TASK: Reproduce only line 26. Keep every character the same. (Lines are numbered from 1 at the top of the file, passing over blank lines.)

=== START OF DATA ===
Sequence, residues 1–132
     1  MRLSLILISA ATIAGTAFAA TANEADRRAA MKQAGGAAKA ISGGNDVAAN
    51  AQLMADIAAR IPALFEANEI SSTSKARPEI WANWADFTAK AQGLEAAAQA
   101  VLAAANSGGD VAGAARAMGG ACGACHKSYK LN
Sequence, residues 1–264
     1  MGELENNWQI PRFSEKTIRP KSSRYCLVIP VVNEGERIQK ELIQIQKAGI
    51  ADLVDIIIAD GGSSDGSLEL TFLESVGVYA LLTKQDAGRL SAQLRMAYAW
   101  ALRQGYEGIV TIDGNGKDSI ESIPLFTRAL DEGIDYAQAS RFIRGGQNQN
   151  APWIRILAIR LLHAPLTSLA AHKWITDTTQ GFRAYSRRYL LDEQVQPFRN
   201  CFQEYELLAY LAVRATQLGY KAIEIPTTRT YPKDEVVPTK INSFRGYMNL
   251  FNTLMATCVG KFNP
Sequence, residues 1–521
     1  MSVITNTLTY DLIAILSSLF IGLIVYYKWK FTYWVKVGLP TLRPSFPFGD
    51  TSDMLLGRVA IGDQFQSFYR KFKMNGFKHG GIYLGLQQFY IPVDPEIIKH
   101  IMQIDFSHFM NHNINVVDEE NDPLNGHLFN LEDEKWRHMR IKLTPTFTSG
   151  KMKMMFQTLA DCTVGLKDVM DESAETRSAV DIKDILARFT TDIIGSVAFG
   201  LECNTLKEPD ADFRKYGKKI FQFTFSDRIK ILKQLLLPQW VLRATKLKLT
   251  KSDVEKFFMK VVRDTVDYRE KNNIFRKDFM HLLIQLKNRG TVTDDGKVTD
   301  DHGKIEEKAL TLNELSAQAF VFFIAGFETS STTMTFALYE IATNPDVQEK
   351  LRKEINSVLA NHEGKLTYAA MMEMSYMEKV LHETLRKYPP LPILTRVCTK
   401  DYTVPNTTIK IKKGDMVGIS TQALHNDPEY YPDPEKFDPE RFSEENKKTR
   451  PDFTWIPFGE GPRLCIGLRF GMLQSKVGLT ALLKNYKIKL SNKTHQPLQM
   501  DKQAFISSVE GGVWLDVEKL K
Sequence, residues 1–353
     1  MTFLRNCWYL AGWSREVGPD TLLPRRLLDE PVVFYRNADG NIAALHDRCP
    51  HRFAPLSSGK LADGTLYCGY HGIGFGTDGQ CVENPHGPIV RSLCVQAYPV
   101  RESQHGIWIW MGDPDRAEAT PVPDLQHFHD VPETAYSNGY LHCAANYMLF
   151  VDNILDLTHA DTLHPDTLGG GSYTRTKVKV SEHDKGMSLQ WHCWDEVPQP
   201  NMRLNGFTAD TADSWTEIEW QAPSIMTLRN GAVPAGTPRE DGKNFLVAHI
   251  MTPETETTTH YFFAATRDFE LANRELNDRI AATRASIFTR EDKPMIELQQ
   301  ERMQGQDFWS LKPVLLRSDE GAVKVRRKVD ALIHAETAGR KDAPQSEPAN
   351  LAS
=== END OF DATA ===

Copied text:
    51  HRFAPLSSGK LADGTLYCGY HGIGFGTDGQ CVENPHGPIV RSLCVQAYPV